Comes Around to the Village

Random observations on a Friday, the last day of middle school, the last day of third grade:

I’ve got lots to say about how gorgeously held my middle guy was (second of four, but so much the MIDDLE ONE) during middle school. Picture, thousand words, what what; this was taken during the graduation ceremony.

The little girl’s oldest friend came over so her parents could go to a fundraiser (for the inimitable CISA; our middle one and his papa went as well). Apparently, before coming over, Arella worried for one moment: “Sometimes, things don’t go well,” she informed her parents. Not a moment later, she asked, “Can I stay there for dinner?”

We’d told them when they were respectively newborn and just-turned-one that they’d be best friends, but “no pressure.” Fortunately, for the most part things go well between them.

I didn’t take my camera out yesterday afternoon when I ended up with a trio of outgoing third grade boys here, but I did come to the very important mathematical conclusion that three third grade boys represent total fun. I prefer three, although I am not longing for triplets, don’t get me wrong.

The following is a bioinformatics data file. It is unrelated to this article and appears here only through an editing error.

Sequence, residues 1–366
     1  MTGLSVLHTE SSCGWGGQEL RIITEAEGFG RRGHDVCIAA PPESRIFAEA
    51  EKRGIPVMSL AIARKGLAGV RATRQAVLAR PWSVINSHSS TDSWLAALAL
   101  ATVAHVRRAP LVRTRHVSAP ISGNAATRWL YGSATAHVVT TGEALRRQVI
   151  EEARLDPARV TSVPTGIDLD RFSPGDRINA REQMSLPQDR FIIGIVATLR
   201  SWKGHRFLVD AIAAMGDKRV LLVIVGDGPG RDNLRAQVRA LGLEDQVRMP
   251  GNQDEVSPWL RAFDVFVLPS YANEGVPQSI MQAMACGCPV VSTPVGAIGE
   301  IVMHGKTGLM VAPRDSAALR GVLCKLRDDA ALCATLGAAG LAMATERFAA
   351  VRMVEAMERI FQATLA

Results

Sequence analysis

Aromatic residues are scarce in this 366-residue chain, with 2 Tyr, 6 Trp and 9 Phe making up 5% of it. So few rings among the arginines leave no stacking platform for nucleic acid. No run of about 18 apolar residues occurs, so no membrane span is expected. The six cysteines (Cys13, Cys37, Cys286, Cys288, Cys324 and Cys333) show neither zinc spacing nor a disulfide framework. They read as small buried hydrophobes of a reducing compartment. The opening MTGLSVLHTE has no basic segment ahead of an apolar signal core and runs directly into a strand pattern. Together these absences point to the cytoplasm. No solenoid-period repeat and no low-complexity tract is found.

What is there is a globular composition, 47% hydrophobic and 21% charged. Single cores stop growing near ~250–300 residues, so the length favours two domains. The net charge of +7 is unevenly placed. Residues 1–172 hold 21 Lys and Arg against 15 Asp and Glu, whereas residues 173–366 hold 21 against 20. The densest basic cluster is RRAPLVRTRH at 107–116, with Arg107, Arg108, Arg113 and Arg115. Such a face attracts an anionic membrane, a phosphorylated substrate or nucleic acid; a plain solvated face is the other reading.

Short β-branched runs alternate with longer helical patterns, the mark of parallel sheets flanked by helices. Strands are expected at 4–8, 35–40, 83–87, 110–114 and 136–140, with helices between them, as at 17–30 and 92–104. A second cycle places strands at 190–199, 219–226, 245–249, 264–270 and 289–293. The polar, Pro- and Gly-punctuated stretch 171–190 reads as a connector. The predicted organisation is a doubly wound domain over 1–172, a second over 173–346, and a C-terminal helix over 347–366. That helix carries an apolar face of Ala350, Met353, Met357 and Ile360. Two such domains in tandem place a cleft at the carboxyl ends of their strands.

One of the words that got our charter school its charter is community. It’s a word the wonderful Treehouse Foundation uses to describe its flagship project, a multi-generational community that supports families with kids coming from foster care into forever families.

A friend was skeptical the other day when I told him I think of that line—it takes a village to raise a child—every single day. For me, the village may be the three boys I get on a Thursday afternoon and the lovely little sister (and getting to know her spectacular K-1 classroom teacher, one every-other-Thursday pick-up at a time) or the copies a friend printed for the eighth grade cheese project tri-fold at the eleventh hour. At Treehouse, it’s people like Rosa Young, who moved 1000 miles to become an elder there and whose sense of dedication and purpose and joy is one of the most evident, palpable and inspiring things you will ever witness. I’m privileged to have worked with her at Treehouse. I’m so glad her work was recognized; she just won the Myra Kraft MVP Award (read about this here). The village cannot be underrated.

Sarah Werthan Buttenwieser

Author: Sarah Werthan Buttenwieser

Sarah Werthan Buttenwieser's work has appeared on the New York Times, Salon, and the Manifest Station amongst other places. Find her on Twitter @standshadows

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